NORTON SHORES, Mich. (WZZM) -- When water to a Norton Shores home stopped flowing Saturday, the homeowner made an
expensive repair -- one he eventually realized was not needed.
The Norton Shores Department of Public Works spent Thursday on Seminole Road, bringing resolution to a water issue that started over the weekend.
David Senesac says after calling the city Saturday morning he was led to believe the reason he didn't have running water was due to a frozen water line on his property, believing the suggestion told to him by a city employee that city lines just don't freeze.
"The determination based on that gut reaction was that it couldn't be us, that it has to be on your side," said Senesac, who hired a plumber and replaced the service line to his home from the shut-off valve in his front yard. Then he discovered the problem was in the section of pipe Norton Shores maintains.
The repair cost $2,500, leaving Senesac disappointed a city representative wasn't more involved in helping him from the start. "It should be a shared responsibility," he said. "What we were looking for was direction from the city, some protocol that they might have set up. I mean if there is a disaster in town there is protocol for that?"
Jerry Bartoszek with Norton Shores says city water lines almost never freeze. He says that's a fact, not a line used to pass off responsibility from the city to homeowners. "There may have been one or two others, but I do not recall them."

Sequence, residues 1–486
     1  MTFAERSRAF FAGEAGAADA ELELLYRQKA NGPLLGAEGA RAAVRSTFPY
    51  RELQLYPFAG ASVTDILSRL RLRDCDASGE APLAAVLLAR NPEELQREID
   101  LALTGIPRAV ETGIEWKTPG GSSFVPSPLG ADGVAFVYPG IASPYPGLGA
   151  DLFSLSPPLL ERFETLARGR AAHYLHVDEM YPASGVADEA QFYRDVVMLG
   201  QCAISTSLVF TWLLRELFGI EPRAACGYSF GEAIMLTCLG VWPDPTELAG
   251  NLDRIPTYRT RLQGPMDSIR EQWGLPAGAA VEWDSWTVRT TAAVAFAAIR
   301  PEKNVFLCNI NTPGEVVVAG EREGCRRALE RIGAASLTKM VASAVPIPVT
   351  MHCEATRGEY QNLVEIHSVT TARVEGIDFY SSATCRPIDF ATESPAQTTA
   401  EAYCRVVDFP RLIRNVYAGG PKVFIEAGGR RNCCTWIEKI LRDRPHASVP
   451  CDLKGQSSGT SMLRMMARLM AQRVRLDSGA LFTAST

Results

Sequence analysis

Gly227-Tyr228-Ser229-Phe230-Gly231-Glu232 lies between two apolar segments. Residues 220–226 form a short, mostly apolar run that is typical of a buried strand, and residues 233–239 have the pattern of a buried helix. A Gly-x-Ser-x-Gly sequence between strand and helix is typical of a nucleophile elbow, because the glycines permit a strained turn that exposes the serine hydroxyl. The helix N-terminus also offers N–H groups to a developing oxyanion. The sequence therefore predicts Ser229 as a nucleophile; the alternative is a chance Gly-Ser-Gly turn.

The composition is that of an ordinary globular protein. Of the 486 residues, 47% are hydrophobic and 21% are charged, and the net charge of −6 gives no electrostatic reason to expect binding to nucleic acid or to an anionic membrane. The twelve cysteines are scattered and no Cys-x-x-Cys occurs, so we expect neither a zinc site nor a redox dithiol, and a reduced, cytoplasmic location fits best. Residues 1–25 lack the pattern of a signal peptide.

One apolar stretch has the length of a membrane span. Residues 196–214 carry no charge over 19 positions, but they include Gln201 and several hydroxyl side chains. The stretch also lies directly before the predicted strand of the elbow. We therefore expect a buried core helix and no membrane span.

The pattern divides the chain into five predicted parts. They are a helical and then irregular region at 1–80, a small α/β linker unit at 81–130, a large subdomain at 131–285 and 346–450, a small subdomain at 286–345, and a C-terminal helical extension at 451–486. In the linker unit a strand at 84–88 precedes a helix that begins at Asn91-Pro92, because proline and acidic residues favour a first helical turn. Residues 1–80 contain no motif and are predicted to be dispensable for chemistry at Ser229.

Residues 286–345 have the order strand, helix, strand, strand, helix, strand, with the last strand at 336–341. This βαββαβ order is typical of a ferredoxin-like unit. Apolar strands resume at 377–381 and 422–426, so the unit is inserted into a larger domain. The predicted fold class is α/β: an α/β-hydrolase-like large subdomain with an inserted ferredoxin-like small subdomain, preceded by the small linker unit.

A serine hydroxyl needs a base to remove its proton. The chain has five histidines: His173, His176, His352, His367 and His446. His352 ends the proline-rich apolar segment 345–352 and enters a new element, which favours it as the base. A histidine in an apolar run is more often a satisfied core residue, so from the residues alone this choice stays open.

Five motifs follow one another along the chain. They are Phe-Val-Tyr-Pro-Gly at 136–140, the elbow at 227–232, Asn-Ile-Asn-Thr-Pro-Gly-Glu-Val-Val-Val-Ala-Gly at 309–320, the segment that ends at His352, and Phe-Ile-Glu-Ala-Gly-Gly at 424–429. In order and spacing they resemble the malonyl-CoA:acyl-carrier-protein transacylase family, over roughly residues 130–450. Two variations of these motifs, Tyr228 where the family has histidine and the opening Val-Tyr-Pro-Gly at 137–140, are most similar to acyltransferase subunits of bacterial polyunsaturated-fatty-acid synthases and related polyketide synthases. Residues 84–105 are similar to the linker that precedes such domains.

Bartoszek says especially with older homes, the water service lines are buried shallower than the five feet depth water mains are buried. "Three to three and a half feet and it is more susceptible to freezing."
Which is why most often frozen pipes are the homeowners responsibility. The best thing homeowners can to do is hire a licensed plumber and inspect water service from inside the home. "It is the easiest access and again, problems on the homeowners side are far more common than on the city's side," said Bartoszek.
Thursday city workers used a line thaw unit to inject warm water to melt the ice and get a pipe flowing again. Now the Senesac home has water. They also have a big bill on the way from a plumber-- one they now know could have been avoided.
The Michigan Chapter of the American Water Works Association says homeowners without water should call their city's department of public works first. However, state rules do not require a particular response from those departments.